The rural areas say they hate government and redistribution of wealth - fine - then let them do without the wealth redistributed to them and maybe cities, unshackled by them, can begin to turn their own finances around.

Oh, how I hate this simplistic meme about how "blue" cities support the "red" suburbs and rural areas. One thing that it ignores is that a great deal of the wealth generated in cities is created by people who live (and vote) in suburbs and rural areas. it's called "commuting."

Or try this thought experiment: cities stop "distributing their wealth" to the suburbs and rural areas, and the suburbs and rural areas stop distributing their wealth to the cities... as well as "their" food, water, oil, gas, and electricity. Now who needs who more?

Comment: Thank you, President Obama! (Score 3, Insightful) 105

by PapayaSF (#48847491) Attached to: President Obama Will Kibbitz With YouTube Stars

Thank you for having dealt with all the other more pressing problems, domestic and foreign, so that now you have extra time for these folks! I'm sure they'll have lots of informed, trenchant, challenging questions for you, the answers to which will be informative and enlightening. It'll be the adversarial press speaking truth to power!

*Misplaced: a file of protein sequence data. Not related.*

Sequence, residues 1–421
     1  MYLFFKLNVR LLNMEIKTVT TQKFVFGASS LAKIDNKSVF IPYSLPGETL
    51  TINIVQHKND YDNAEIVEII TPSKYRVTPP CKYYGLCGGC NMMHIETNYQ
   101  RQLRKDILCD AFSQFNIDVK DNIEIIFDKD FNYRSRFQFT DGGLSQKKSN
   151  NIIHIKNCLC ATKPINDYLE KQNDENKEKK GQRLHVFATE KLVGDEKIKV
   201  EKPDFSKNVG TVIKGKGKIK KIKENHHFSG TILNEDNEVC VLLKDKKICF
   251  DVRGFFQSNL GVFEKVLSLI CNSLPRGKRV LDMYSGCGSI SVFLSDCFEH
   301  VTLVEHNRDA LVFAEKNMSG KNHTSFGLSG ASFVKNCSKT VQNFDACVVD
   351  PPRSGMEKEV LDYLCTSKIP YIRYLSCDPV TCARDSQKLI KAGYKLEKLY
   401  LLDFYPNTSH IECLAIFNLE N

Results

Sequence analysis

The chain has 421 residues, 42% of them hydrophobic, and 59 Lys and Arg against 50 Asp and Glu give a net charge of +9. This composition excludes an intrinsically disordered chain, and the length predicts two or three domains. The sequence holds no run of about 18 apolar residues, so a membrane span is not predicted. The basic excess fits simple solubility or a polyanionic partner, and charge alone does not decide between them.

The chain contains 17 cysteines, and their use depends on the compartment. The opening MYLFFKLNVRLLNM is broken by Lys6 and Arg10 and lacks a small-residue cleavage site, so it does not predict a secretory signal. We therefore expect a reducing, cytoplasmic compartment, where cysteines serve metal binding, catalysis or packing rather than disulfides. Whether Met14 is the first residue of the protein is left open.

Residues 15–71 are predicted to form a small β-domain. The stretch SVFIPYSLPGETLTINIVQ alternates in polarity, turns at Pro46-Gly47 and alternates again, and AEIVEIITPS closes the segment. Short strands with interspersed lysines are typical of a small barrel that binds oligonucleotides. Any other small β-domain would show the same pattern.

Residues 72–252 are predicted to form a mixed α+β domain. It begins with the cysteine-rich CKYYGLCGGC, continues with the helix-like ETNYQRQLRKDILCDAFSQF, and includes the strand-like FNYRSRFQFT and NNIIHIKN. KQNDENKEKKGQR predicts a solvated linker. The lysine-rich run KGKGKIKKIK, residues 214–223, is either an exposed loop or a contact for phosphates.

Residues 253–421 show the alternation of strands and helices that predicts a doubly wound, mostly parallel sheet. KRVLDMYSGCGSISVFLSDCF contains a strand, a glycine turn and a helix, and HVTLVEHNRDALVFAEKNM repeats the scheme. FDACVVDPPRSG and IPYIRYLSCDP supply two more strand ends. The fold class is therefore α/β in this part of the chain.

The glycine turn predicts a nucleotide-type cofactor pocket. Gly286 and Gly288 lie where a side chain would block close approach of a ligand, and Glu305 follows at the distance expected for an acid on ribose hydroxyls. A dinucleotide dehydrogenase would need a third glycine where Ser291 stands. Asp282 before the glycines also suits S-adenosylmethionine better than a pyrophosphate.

Comment: Re:Prediction: another Google flop (Score 1) 61

by PapayaSF (#48817875) Attached to: Google To Test Build-It-Yourself Ara Smartphones In Puerto Rico

I agree that "too thin" is an issue. I'd be happy if Apple stopped making iPhones thinner and instead used the space for more battery.

I'm not sure you're right about technological advances, though. While I'm not obsessed with the latest and greatest, I think it's impressive and meaningful that phones are getting to have near desktop-level processors, excellent cameras, etc. But I find it hard to image that Google will be able to create modules 1) with more impressive specs than an iPhone 6, and 2) be able to sell them at a competitive price.

Comment: Prediction: another Google flop (Score 3, Insightful) 61